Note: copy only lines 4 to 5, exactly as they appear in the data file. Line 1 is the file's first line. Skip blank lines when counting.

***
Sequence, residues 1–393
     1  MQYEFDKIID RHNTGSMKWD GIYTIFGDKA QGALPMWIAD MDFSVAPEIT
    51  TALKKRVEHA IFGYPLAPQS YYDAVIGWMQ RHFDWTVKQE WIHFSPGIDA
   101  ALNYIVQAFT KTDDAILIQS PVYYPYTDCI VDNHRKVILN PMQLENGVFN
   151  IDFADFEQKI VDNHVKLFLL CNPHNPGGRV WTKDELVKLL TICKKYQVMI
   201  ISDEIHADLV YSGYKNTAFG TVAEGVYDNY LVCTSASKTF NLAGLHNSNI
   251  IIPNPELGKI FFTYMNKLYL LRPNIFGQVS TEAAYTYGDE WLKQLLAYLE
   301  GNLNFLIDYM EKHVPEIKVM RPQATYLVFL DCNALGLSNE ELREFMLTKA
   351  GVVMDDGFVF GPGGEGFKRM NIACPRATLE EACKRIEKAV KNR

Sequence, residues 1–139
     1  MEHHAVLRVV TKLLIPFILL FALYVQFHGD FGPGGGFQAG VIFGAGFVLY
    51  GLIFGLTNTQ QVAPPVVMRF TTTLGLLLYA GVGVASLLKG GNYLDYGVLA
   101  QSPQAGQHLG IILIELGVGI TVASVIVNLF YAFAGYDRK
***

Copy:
   101  ALNYIVQAFT KTDDAILIQS PVYYPYTDCI VDNHRKVILN PMQLENGVFN
   151  IDFADFEQKI VDNHVKLFLL CNPHNPGGRV WTKDELVKLL TICKKYQVMI